As I watch the sea of migrants — refugees, more accurately — heading north from Syria and other nations into Europe, hoping to re-start their lives somewhere safe(r), I think about all they have had to leave behind — homes, furniture, assets, educations, family, friends.
Some have lost their husbands, wives and children, killed en route.
In the 1970s, 200,000 Chileans fled the regime of Augusto Pinochet, many headed to my country, Canada. There was then a flight from Santiago that, after 3 stops, landed in Toronto, where they would claim refugee status.
There were no razor-wire-topped fences hastily being built, as in Hungary now. But the refugees had to begin a long, slow process of finding advocates to legally represent them; as a college student studying Spanish, I did some volunteer interpreting.
I will never forget what I heard, even if I wish I could — horrific narratives of rape, imprisonment, torture. It was difficult work, for them (proud, traumatized men, many my father’s age, having to recount the worst moments of their life to a young and unfamiliar woman and other strangers) and for me (I had no idea the world could be so cruel. Their stories, decades later, live in my head.)
When you leave your country of origin, (which I did at 30, leaving Canada for the U.S., admittedly under no duress), you start anew. Your life, your accomplishments, your advanced degrees from places no one here has ever heard of or attended…sometimes vanish overnight.
No one knows your parents or went to the same schools or ate the same food. They didn’t watch the same television shows or read the same writers.
Not only do you now not know a soul, the people on whom you must now rely — landlords, banks, police, neighbors, teachers, medical staff, the legal system — are unfamiliar. You may shake at the very sight of a uniform or a gun.
And they use words and phrases they know well, and which may make no sense to you, either as language or as functional concepts.
A new language must be learned, the streets and transit systems of a new city or or town. A new national anthem and currency. You will miss subtle cultural cues everyone else understands, sometimes for decades to come.
If you’re fortunate enough to have classic capital — money, savings, assets you can liquidate like gold or jewels — you’ve got something to start with.
The most crucial, though, in my experience, is social capital — the vast network of people who know, like and trust you enough to refer you into their valued networks. You need a job, an income, a place to start again.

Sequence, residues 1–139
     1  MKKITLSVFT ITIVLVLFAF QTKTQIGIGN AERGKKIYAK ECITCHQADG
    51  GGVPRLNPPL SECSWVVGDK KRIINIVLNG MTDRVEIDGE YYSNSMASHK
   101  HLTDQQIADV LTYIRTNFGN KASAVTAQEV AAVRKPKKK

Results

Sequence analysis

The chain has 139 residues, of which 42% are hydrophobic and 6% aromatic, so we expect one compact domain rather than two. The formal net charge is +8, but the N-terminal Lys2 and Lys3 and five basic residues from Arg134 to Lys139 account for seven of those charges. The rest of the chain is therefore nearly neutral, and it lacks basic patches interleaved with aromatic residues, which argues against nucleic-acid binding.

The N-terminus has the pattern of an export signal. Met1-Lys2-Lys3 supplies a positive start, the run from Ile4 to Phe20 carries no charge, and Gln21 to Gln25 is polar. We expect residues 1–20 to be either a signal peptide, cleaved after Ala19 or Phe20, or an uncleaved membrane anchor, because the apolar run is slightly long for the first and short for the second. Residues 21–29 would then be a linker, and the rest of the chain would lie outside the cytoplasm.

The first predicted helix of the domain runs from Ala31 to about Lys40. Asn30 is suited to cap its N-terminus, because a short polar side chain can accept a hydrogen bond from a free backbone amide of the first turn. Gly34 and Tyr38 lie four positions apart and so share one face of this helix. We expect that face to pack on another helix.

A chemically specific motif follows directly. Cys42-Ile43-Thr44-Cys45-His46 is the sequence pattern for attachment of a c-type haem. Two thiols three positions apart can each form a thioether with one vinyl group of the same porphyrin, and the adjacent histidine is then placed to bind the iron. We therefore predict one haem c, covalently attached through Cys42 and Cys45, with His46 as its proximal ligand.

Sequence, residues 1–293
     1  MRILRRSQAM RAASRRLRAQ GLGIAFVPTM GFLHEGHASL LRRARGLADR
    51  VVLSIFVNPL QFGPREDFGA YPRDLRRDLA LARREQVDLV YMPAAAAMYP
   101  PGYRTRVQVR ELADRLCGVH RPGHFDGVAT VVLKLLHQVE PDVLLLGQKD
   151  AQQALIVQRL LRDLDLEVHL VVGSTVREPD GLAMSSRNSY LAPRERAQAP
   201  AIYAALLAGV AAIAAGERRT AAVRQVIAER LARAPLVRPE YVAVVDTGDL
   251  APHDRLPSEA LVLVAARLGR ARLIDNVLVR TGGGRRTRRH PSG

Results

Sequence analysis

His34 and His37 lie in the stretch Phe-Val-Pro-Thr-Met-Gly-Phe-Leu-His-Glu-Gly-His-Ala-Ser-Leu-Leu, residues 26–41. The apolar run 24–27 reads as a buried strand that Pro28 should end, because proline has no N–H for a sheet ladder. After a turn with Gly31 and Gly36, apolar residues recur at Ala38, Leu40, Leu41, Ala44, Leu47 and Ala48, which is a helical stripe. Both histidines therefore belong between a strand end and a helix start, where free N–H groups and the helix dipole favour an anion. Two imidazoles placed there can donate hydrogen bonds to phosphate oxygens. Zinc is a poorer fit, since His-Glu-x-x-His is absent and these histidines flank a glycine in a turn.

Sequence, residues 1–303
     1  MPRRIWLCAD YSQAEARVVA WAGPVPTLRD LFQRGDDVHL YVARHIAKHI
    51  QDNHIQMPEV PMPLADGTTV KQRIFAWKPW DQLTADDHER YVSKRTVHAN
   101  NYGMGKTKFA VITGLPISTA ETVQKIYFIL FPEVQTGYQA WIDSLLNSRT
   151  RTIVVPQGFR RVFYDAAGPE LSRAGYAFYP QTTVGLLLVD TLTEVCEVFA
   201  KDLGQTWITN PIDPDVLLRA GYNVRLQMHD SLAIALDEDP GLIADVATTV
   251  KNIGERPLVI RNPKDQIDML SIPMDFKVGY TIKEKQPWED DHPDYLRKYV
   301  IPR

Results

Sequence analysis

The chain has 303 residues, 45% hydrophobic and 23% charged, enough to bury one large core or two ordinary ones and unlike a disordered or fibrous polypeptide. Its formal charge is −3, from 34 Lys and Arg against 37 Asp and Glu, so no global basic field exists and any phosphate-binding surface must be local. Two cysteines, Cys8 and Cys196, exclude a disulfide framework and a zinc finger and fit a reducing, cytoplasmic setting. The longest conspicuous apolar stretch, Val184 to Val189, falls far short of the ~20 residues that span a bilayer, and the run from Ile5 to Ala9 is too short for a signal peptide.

Too often, especially here in a dog-eat-dog place like New York, people lucky enough to find a lifeboat pull up their oars, so to speak. No, they will not help you or return your emails or phone calls or texts.
That takes time to accumulate and to acquire. Here, I see it used (and abused) most powerfully among those who attended the same colleges and universities, sometimes the elite prep schools that feed them. Alumni networks here seem of paramount importance compared to my prior experience in a nation with 10 percent of the U.S. population.
We recently sat with a working-class friend who came to the U.S. from Eastern Europe at 24 with $200 in her pocket. “I had no idea what I was doing,” she said.
I arrived in New Hampshire, via Montreal, and would honestly now say that I didn’t either. Had I known how hard it would be to reinvent, I doubt I would have made the leap. And I was fortunate — young, healthy, educated, with work experience and savings.
I had visited the U.S. many times before I moved here and it’s not that big a shock — not like trading Syria for Sweden, for example.
But we’re here now, with friends and hair salons and dentists and a gym we like. Apartments with views that we treasure.
And the hard-won knowledge that we did it.
Human development theory describes human capital as being composed of distinct social, imitative and creative elements:
Social capital is the value of network trusting relationships between individuals in an economy.
Individual capital, which is inherent in persons, protected by societies, and trades labour for trust or money. Close parallel concepts are “talent“, “ingenuity“, “leadership“, “trained bodies”, or “innate skills” that cannot reliably be reproduced by using any combination of any of the others above. In traditional economic analysis individual capital is more usually called labor.
Have you left behind your country of origin for a new one?
How has it worked out for you?